What Are Main Crops Grown in Russia?

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Primary Russian crops include grains, barley and legumes. Nearly half of Russia’s crop exports derive from wheat and winter wheat, classified as grains. Products in Russia derive from different parts of the country; winter wheat derives from the southwestern portions of Russia, while barley grows in northern locales.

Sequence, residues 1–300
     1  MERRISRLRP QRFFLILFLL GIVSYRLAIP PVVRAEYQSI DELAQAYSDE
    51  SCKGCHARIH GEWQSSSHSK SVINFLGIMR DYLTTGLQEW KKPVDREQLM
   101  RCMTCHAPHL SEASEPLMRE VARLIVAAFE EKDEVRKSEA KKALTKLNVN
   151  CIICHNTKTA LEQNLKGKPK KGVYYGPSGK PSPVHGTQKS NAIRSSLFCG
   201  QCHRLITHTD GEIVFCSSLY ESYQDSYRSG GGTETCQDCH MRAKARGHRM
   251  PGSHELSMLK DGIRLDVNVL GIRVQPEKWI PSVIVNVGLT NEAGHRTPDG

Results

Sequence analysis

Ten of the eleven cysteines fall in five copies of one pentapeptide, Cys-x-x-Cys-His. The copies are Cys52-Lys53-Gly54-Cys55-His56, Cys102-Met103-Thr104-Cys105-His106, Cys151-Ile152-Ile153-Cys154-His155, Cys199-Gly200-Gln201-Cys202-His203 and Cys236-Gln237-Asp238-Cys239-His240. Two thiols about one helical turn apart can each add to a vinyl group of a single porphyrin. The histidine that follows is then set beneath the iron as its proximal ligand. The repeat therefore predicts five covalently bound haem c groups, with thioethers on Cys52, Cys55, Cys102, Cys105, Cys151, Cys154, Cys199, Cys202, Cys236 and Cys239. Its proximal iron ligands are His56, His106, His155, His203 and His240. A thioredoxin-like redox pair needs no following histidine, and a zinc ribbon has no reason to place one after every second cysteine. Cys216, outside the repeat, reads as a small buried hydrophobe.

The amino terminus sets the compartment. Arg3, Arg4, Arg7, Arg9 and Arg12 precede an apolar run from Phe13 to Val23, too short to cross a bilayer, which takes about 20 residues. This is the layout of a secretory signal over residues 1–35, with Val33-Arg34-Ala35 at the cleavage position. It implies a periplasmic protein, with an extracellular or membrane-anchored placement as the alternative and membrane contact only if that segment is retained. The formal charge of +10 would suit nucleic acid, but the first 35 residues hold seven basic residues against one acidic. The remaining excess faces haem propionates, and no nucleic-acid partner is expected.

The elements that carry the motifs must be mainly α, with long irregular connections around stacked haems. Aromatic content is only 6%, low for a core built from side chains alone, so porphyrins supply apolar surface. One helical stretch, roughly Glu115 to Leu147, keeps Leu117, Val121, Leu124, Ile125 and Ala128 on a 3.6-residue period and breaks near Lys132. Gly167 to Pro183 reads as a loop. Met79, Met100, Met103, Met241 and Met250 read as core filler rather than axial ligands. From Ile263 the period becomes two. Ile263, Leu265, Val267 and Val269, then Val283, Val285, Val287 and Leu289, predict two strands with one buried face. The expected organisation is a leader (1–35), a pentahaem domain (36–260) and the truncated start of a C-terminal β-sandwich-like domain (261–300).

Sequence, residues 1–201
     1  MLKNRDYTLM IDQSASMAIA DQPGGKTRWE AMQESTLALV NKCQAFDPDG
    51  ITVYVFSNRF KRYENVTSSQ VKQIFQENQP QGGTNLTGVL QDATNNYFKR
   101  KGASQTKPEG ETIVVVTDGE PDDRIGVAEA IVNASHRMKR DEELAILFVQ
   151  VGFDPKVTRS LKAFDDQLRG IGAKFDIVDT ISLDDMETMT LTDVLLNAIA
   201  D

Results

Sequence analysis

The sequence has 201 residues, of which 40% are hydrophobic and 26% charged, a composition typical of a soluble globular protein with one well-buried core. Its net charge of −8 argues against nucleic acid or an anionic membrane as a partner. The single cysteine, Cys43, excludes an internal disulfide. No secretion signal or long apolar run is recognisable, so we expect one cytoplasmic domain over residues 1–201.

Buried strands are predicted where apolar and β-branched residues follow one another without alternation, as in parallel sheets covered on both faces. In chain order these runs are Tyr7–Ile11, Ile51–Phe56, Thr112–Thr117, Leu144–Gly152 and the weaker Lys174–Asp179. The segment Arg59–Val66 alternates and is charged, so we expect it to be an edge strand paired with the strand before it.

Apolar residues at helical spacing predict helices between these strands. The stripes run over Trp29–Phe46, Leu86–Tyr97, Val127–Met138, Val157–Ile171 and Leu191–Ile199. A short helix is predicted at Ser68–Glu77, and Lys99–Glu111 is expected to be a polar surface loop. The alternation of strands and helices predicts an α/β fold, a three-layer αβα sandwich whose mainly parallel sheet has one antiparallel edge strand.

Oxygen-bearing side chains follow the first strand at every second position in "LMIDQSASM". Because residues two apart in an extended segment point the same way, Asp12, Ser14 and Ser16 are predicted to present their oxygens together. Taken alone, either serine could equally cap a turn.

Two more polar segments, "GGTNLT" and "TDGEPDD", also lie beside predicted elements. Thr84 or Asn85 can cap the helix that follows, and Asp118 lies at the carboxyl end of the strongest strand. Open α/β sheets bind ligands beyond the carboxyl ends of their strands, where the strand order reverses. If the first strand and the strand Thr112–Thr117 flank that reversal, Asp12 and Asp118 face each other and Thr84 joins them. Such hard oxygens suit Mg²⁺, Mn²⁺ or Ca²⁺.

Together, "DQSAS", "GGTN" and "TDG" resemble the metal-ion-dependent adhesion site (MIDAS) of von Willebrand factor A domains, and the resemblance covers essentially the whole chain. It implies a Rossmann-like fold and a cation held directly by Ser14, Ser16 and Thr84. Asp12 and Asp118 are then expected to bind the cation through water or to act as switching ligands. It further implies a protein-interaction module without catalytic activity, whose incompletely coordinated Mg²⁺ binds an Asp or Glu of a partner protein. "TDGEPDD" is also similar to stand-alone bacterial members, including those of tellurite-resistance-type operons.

Grains, as a whole, remain an important part of the Russian economy. The types of grains produced, however, vary with changes in demand and environmental conditions. Some grains, such as oats, supported Russia economically in the past, but grow in much smaller quantities. While grains export in highest quantities from Russia, legumes follow close behind. Hardy and resilient legumes, including potatoes and beets, prove ideally suited for Russia’s cold climates and sub-par soils. Potatoes thrive at Russia’s northernmost locations, primarily regions between 50 and 60 degrees latitude. Russian potatoes provide citizens with food and nutrients, and support vodka production as well. Flax plants, also tolerant of cold and harsh climates, export from Russia for end use in textile industry. Flax plants also produce linseed oil, a key ingredient in vegetable oil. Russian crops supply humans with food and beverages, and support animal life too. Barley and corn produce animal feed. Fodder provides sustenance for Russia’s livestock, which includes cows, sheep, goats and pigs.